Posted on: 3 January 2018Share
Sending a child on their first school trip abroad can be a stressful experience for any parent, but when your child is on prescription medication, it can be even more worrying. Thankfully, if you prepare adequately in advance, there's no need to be concerned. Here are 3 medication tips to put your mind at ease when your child heads abroad without you.
Check the Rules
One of the first and most important things you need to do is check the rules and laws regarding medication on your child's trip.
Some countries have restrictions on what medications travellers are allowed to bring into the country. These restrictions commonly apply to psychoactive medications, so be extra vigilant if your child has a neurodevelopmental or mental health condition like ADHD or anxiety. If your child's medication is banned in the country they're travelling to, you'll need to talk to their primary care doctor about whether there are any possible alternatives.
You also need to find out which documents the destination country and the airline need to see to approve the medications. Often, these documents include a prescription and a doctor's note. If you're unsure where to find this information, the destination country's Australian embassy is a good place to start.
Alongside the rules set by governments, don't forget about the rules set by your child's school. Find out in advance which forms you need to fill in, and ask whether you need to prepare a medication guide for the accompanying teachers on the trip.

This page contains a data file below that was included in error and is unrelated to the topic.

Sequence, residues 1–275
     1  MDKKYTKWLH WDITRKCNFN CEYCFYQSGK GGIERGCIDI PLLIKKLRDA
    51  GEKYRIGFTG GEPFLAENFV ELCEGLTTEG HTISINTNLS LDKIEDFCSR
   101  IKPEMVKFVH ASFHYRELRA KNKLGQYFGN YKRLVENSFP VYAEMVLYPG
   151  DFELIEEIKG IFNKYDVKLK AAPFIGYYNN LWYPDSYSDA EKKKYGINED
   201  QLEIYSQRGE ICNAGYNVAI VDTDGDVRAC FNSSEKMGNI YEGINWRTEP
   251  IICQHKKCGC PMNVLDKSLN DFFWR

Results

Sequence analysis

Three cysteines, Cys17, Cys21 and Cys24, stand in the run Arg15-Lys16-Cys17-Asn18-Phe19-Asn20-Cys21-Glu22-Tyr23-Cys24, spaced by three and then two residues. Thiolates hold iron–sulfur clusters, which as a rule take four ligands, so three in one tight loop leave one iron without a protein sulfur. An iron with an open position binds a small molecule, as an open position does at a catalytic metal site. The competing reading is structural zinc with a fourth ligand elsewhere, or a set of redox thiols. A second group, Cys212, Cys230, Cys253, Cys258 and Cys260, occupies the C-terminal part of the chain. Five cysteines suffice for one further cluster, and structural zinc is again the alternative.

Think About Packing
Another important consideration is packing. You need to think about how you're going to get your child's medication from Australia to the destination country, and how it's going to be stored during the trip.
First of all, you should keep the medication in its original pharmacy packaging, as airport security will often want to see it before letting your child leave or enter a country. If the original packaging is made from glass, this may mean you need to account for protective outer packaging to prevent breakages during transit.
Secondly, contact the airline to find out whether the medication can be kept in your child's carry-on bag on the flight. It's best to keep medication in hand luggage where possible because hold luggage can get damaged or lost. If you must store it in the hold, make an emergency plan that details where your child can go to get a prescription filled abroad if necessary.
Finally, don't forget about climate differences between countries. Some medications can deteriorate in hot or cold temperatures, so you may need to pack a thermal bag for your child or find out whether the hotel can provide a mini-fridge for medication storage.
Get It Compounded
Does your child have to take more than one medication or multiple doses of the same drug every day? Do they often forget to take a dose if you don't remind them? If you answered 'yes' to those questions, consider getting the medications compounded.
Pharmaceutical compounding services make customised medications that fit your child's needs exactly. They can compile multiple medications into one dose, create smaller or larger doses of a specific medication, or minimise the required daily dosages by producing the drug in a slow-release format.
Unsurprisingly, compounding can take a load off a parent's mind by making it easier for children to remember to take all their medication without parental intervention. It can also be useful if there's a restriction on how many different pills your child can bring into their destination country, or if they need a liquid medication bottled in smaller quantities to comply with hand luggage rules.